:: HealthNet’s Benefit Denial Based Upon Lack Of Medical Necessity Rejected

he district court concluded that a remand was futile because the Wieners did not show that Jonathan was eligible for GHT under the standards described in IPRO’s decision, which the parties call “the FDA standard.”

It is unclear whether the FDA standard defines what is “medically necessary” under the policy. The policy provides, inter alia, that “medically necessary” treatment is that “within the standards of good medical practice with the organized medical community.” This definition does not refer to the FDA standard nor identify that standard as the yardstick of “good medical practice.”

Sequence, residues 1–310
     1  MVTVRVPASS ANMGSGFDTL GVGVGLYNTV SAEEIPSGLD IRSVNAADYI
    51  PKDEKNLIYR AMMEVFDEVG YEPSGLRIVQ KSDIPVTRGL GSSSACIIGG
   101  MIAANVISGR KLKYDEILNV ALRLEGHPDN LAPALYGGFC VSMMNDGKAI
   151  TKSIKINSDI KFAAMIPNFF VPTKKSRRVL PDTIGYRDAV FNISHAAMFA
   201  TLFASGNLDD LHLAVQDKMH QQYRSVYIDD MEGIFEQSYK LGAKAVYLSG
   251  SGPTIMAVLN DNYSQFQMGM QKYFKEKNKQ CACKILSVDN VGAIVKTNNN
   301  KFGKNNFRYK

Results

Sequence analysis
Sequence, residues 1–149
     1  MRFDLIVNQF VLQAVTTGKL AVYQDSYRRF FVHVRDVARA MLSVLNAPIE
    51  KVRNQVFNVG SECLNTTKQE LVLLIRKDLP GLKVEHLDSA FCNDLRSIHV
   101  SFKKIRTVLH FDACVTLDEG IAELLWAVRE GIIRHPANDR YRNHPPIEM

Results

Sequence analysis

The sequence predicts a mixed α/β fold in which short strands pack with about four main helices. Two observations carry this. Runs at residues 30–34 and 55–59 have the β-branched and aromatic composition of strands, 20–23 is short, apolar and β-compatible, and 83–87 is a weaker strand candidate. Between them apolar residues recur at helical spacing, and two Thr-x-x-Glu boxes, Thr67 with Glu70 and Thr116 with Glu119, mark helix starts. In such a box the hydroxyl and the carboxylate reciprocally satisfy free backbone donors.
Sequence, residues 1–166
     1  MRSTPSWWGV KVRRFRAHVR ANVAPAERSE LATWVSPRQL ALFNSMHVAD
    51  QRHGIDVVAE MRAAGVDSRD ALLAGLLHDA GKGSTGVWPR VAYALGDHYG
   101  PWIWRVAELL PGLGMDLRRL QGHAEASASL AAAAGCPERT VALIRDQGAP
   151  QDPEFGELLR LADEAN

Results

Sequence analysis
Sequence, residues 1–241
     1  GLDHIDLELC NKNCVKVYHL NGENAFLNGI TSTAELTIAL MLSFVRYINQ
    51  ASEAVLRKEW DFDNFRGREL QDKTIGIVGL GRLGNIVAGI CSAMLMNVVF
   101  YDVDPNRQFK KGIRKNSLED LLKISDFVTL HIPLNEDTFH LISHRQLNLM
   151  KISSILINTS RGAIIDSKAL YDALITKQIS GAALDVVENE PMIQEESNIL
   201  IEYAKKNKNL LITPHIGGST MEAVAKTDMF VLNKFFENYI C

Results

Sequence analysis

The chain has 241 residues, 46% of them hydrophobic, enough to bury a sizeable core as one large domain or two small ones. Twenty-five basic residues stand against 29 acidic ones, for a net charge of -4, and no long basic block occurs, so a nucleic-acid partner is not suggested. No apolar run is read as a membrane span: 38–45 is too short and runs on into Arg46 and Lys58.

Wiener v. Health Net of Conn., Inc., 2009 U.S. App. LEXIS 3542 (2d Cir. Conn. Feb. 23, 2009) (unpublished)

In an unpublished opinion, a Second Circuit panel found HealthNet’s benefit denial for lack of medical necessity unsupported by the record before the Court. Often a source of contention in benefit denial cases, the standards necessary to show medical necessity often fall short of an objective metric